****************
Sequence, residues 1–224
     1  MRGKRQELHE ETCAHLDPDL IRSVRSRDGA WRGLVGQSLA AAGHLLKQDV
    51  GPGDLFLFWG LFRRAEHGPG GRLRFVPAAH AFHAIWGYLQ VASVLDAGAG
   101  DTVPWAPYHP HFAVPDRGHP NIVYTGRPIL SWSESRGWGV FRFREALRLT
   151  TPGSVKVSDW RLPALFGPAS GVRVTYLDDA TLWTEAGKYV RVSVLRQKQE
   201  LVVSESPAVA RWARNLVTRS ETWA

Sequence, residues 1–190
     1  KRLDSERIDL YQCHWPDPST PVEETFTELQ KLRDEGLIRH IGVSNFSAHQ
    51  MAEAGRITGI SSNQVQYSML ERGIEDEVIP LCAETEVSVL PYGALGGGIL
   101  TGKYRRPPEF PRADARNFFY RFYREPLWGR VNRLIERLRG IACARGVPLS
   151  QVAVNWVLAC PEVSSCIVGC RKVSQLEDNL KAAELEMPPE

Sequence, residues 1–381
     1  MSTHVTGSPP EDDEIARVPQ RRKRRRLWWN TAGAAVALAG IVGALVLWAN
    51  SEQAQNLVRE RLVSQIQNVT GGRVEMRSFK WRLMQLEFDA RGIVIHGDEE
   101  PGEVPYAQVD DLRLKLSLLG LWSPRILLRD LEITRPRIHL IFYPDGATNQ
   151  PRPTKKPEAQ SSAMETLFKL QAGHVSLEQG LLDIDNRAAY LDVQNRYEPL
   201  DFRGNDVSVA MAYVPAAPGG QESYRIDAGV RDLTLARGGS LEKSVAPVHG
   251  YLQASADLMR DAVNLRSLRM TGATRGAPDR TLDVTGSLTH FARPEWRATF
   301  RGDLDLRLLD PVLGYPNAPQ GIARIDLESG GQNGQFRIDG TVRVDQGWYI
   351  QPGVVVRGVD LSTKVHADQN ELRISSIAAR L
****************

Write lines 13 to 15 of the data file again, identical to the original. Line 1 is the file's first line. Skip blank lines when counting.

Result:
     1  MSTHVTGSPP EDDEIARVPQ RRKRRRLWWN TAGAAVALAG IVGALVLWAN
    51  SEQAQNLVRE RLVSQIQNVT GGRVEMRSFK WRLMQLEFDA RGIVIHGDEE
   101  PGEVPYAQVD DLRLKLSLLG LWSPRILLRD LEITRPRIHL IFYPDGATNQ